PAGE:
What happens when you wade into the waters of a new culture, one where the waves are warmer or colder, one where the fish are either all the same size and shade of neon, or where there are many different sizes, shapes, colors, and species? How would you react to the change in the tide?

You’d likely feel like a fish out of water.

Heightened Awareness

When we’re put into an environment that’s unlike our own, it sets off our spidey-senses. Suddenly, our awareness is heightened to everything that’s going on around us, because it’s all just too different. And when something is a tiny bit off, it feels uncanny.

This can make us uncertain of our environment and uncomfortable in our own skin. Depending on the type of person you are – whether you’re adaptable or one who rarely leaves his/her indentation on the couch – the distinct awareness of all that is different may trickle in, little by little, or it may blast you with immediate discomfort and leave you soaking in anxiety.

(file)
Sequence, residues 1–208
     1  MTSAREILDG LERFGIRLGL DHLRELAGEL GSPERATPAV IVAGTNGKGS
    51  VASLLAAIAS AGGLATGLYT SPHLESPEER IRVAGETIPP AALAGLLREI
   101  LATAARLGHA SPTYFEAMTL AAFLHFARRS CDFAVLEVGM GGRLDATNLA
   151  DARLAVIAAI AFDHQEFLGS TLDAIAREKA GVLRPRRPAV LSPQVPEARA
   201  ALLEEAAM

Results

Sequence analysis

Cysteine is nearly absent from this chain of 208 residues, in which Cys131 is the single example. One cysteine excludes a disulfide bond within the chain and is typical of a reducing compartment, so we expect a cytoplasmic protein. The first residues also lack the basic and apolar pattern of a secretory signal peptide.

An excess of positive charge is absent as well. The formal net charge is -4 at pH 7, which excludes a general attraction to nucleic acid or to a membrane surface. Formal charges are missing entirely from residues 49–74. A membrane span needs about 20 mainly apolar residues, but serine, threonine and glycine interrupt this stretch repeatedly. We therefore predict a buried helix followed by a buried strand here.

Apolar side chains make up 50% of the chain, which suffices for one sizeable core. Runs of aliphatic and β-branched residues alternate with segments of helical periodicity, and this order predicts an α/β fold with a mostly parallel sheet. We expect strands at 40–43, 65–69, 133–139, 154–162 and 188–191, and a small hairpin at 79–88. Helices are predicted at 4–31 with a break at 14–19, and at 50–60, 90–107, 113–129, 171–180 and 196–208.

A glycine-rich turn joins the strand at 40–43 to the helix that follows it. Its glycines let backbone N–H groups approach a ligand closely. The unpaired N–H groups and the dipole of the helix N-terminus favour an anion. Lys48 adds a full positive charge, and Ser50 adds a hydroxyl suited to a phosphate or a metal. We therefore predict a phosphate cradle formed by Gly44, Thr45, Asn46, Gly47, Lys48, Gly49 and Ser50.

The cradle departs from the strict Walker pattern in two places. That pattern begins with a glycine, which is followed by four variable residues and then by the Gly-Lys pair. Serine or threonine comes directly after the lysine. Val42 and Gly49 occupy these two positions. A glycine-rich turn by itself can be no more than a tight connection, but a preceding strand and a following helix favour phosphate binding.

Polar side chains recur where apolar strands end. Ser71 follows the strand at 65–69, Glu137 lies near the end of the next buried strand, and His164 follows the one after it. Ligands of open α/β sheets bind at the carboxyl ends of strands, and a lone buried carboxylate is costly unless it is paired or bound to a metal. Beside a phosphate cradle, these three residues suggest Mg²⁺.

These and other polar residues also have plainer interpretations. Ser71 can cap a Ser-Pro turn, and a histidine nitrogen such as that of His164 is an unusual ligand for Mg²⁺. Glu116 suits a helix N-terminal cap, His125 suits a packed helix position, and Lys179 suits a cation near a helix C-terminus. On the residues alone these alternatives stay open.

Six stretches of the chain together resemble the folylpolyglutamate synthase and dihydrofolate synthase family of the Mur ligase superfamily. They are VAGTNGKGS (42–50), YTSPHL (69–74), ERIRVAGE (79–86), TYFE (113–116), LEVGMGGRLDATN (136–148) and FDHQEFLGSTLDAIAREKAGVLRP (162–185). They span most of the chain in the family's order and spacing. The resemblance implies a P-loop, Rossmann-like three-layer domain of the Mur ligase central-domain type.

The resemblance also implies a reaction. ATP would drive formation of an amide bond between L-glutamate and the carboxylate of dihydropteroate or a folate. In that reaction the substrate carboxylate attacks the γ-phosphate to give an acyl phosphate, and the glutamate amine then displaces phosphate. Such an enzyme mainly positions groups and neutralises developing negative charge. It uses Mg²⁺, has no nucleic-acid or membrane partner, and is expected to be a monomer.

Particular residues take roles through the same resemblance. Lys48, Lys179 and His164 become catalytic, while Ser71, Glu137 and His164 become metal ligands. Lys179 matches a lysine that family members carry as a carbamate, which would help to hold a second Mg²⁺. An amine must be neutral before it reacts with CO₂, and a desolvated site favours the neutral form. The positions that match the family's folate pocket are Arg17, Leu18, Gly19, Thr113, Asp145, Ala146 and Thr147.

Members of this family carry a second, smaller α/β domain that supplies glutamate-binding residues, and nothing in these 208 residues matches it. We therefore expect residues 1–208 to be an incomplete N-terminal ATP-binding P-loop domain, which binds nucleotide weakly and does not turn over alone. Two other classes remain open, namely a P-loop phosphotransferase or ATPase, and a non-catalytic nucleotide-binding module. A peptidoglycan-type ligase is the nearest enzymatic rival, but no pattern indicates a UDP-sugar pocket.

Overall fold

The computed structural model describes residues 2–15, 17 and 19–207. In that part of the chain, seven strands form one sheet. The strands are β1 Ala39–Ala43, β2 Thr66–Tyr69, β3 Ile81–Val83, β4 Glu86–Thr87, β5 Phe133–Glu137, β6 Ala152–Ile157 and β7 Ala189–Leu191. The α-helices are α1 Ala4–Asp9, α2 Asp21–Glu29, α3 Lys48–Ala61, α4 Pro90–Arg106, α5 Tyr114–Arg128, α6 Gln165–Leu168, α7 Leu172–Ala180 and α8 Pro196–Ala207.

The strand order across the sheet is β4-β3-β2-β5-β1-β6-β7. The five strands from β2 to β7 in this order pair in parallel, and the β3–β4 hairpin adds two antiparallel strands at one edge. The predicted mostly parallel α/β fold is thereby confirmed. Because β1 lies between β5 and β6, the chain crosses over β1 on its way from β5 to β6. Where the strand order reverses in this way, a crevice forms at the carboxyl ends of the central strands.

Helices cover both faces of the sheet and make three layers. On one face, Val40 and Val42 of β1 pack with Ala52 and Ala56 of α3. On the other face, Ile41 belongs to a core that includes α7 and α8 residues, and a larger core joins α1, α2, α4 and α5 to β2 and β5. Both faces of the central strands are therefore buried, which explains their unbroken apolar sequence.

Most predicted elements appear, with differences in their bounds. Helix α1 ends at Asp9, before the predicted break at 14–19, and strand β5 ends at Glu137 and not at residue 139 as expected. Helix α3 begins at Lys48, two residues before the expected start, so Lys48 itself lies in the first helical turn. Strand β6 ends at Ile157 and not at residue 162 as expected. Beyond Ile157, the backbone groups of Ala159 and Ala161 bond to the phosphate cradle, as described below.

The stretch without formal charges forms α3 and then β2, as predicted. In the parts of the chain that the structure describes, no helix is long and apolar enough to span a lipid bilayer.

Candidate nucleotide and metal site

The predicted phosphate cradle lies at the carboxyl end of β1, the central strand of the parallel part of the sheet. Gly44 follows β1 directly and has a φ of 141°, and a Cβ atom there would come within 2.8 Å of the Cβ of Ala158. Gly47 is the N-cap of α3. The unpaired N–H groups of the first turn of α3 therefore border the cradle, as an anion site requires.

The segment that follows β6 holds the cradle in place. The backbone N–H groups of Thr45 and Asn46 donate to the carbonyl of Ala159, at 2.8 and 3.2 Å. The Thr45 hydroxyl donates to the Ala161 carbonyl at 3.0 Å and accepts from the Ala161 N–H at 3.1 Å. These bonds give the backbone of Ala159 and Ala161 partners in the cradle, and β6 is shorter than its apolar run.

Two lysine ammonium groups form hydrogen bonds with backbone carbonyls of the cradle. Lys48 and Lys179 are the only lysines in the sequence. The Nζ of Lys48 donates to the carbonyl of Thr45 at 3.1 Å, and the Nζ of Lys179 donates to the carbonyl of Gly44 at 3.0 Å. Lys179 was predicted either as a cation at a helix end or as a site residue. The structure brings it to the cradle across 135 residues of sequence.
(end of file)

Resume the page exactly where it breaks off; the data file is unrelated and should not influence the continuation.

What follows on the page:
Yes, living and managing in a foreign culture can be overwhelming. But it’s not impossible, even for those who live for their comfort zone.

The key is to use your spidey senses for good. Being culturally aware of your surroundings and behavior can help you limit – or even eliminate – the “monkey moments” you may encounter.

Monkey Moments

What’s a monkey moment?

Remember last week, when I said that you are the monkey in the zoo? Well, a “monkey moment” is when your monkey-ness is made clear and apparent to your host culture.

Your hosts are the spectators, remember; they’re the normal ones, the humans. So they’re watching and waiting for you to make a mistake, to behave like a monkey. They expect it from you. The moment you drop the ball, forget to be culturally aware, and start to fling your poo – that’s when they’ll see you for what you are.

While this isn’t to say you must abandon your culture, else your hosts won’t accept you, this is to say that being culturally aware will make you a more effective leader and integrator in a foreign culture.

Making Your Awareness Actionable

When you first arrive to your host country, you will see yourself as normal and the environment/the “other” as strange. This is instinctive. But you must remember: what seems unfamiliar is not necessarily unnatural.

Knowing this will help you develop cultural sensitivity, which you’ll need in order to make your awareness actionable. I’ll discuss how to do that in next week’s blog.


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